The people who craft Internet policies do not understand technology, and the consequences are dire. Here’s how to fix it. (Matt McClain/The Washington Post)

This has been a milestone year for Internet policy. After a slew of significant public policy wins for the Internet — net neutrality and surveillance reform, to name but two — we are finally starting to see a movement to protect the public’s rights online.

But these issues are incredibly complex, and sustaining these victories will require a new cadre of digitally-savvy public servants who can seamlessly navigate both the technical and policy realms. Just as the environmental movement relies on ecologists to protect the oceans and the air, the movement to keep the Internet free and accessible needs leaders with tech expertise and Web literacy to inform the public dialogue.

The Internet has transformed how we connect and engage with the world around us, creating challenges and opportunities in every area of contemporary life. On one hand, the Internet can foster learning, organize global movements, distribute financial supports and expose injustices. On the other, it can be used to exert control, stifle legitimate discourse, entrench bias and concentrate power in the hands of a few.

While there has been positive momentum this year, research on where tech talent is headed is less rosy. According to a recent report, only 4 percent of computer science graduates went to work for the federal government. By comparison, about 70 percent entered the private sector.

This is a tech talent crisis, and the cause is no secret. For-profit tech companies draw a steady flow of computer science graduates with lucrative jobs, reducing the pipeline of Web literate leaders in the public sector to a trickle. But economic incentives are only part of the problem. Unlike Silicon Valley companies which tout innovation, risk-taking and collaboration, too many government institutions offer a bureaucratic and risk-averse culture.

The market will not solve this imbalance. We need to change the incentives if we are to attract the new leaders the Internet needs.

Attracting new, talented leaders willing to fight and defend the Internet is critical. Today’s computer science students can’t imagine a career path that leads them to Washington. This lack of technical expertise has real consequences. It’s the reason we saw tens of thousands of Americans unable to sign into the Healthcare.gov portal in 2013.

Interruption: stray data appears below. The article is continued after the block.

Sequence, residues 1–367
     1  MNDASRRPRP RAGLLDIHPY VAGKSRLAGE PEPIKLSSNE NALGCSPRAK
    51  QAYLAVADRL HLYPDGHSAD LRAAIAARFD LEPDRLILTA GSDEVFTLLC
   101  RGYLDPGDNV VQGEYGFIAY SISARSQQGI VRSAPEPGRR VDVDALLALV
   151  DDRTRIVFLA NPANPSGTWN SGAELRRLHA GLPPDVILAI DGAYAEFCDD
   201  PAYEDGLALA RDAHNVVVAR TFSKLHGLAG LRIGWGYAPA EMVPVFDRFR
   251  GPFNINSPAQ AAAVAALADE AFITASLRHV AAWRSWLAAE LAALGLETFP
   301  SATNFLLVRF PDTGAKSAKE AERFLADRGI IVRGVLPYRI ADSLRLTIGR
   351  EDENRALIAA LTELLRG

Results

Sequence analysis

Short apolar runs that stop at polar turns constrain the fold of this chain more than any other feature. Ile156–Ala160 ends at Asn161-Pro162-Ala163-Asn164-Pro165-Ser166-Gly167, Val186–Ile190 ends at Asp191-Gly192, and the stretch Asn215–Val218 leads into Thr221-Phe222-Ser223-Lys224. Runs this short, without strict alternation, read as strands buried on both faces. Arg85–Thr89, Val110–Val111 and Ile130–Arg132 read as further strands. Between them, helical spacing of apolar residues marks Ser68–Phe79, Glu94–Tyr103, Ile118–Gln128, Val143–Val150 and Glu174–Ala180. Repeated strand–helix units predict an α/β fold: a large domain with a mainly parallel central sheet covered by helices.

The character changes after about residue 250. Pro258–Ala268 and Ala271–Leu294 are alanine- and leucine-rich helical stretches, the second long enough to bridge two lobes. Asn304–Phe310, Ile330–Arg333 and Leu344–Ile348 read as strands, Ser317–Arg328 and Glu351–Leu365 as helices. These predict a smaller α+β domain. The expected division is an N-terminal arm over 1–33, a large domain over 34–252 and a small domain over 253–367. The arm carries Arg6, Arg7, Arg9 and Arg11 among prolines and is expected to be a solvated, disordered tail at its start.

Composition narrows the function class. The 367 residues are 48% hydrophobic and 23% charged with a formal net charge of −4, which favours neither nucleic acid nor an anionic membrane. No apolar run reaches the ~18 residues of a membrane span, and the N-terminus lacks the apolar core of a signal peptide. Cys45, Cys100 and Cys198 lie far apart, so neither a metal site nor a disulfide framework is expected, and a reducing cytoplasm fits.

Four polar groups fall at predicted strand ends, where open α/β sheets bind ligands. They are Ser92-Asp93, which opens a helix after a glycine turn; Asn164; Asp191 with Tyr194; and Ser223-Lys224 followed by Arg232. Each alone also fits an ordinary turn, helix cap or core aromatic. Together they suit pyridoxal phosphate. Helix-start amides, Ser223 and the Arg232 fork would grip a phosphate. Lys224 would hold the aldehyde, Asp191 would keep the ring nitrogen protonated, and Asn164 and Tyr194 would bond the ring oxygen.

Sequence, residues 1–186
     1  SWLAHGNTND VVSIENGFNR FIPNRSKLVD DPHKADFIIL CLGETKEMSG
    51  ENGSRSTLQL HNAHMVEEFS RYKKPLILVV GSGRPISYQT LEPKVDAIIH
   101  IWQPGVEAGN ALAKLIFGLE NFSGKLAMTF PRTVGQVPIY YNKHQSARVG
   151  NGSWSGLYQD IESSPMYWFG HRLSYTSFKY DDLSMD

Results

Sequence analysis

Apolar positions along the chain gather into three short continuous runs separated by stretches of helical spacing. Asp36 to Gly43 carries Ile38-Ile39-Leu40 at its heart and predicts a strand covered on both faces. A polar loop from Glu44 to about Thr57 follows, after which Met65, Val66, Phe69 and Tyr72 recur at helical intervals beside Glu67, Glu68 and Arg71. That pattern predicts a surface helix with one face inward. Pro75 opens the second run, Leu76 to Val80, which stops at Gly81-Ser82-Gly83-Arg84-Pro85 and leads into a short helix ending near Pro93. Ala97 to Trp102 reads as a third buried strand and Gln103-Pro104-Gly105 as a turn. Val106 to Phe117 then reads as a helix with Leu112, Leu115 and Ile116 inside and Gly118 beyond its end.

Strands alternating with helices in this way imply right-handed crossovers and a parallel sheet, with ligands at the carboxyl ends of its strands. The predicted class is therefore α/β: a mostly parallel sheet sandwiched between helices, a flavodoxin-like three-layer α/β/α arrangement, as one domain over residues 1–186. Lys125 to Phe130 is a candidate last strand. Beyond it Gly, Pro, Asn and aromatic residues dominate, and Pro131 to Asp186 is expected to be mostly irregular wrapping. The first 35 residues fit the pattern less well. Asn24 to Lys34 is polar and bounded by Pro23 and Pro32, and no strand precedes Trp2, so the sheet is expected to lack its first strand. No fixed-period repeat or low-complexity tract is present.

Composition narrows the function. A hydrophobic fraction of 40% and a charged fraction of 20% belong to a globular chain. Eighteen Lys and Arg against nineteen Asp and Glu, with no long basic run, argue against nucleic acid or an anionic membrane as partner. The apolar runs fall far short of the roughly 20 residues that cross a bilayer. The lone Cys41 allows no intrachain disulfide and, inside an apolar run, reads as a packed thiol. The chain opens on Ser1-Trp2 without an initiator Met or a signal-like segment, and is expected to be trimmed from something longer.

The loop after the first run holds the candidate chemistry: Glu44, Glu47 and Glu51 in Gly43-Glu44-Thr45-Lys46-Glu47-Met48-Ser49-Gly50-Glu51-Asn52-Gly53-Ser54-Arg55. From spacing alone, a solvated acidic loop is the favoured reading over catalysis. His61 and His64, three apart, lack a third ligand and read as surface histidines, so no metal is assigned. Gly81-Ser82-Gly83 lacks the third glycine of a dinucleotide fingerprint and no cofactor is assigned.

But the implications extend beyond dysfunctional Web portals. Unless we address the tech talent crisis, our ability to craft effective public policy will be at risk. As one member of Congress said during the Stop Online Piracy Act debate in 2011, it’s time to “bring in the nerds” who can explain the potential risks of ill-informed Internet policies.

The legacy of under-informed tech policy-making continues today. The federal government attacks encryption and wants back-door access to law-abiding citizens’ data without a warrant — even though the technical experts can prove this makes our online data less safe. This winter’s net neutrality battle spotlighted big telecom’s desire to — and near success in — undercutting the Web’s level playing field and introducing paid prioritization and fast and slow lanes.

Fortunately, there are bright spots. The U.S. Digital Service, for example, places digitally-savvy individuals within federal agencies to untangle complicated Veterans’ affairs, student loans and health care processes. The Department of Defense recently unveiled a plan to create more than 100 dedicated cybersecurity teams by 2018. And on state and local levels, municipalities are beginning to value digital intellect: New York City’s first-ever CTO, Minerva Tantoco, is working to enhance open data, create civic apps, and launch a Gotham-centric Tech Talent Pipeline.

The Ford Foundation and Mozilla are investing in leaders through programs such as the Open Web Fellowship, which helps cultivate the tech-talent pipeline. This year’s cohort of engineers, developers and activists just started working with nonprofits to help them and the government agencies they advise understand the technical impact of tech policy proposals.

Just imagine the potential of developing leadership opportunities and real career paths for Web literate, digitally-savvy public servants. What would the country look like in five years if our best and brightest engineering and computer science graduates viewed positions at the State House, on Capitol Hill, and with NGOs in the same way they currently look to Silicon Valley? We’d be able to safeguard the Internet we all love and rely on: a global, shared resource, open and accessible to all.

Dave Steer is the Mozilla Foundation’s director of advocacy, where he leads the nonprofit’s efforts to protect the open Web as a global, public resource.

Jenny Toomey is the Ford Foundation’s director of Internet rights, and spearheads the organization’s drive to keep the Internet open, innovative and transparent.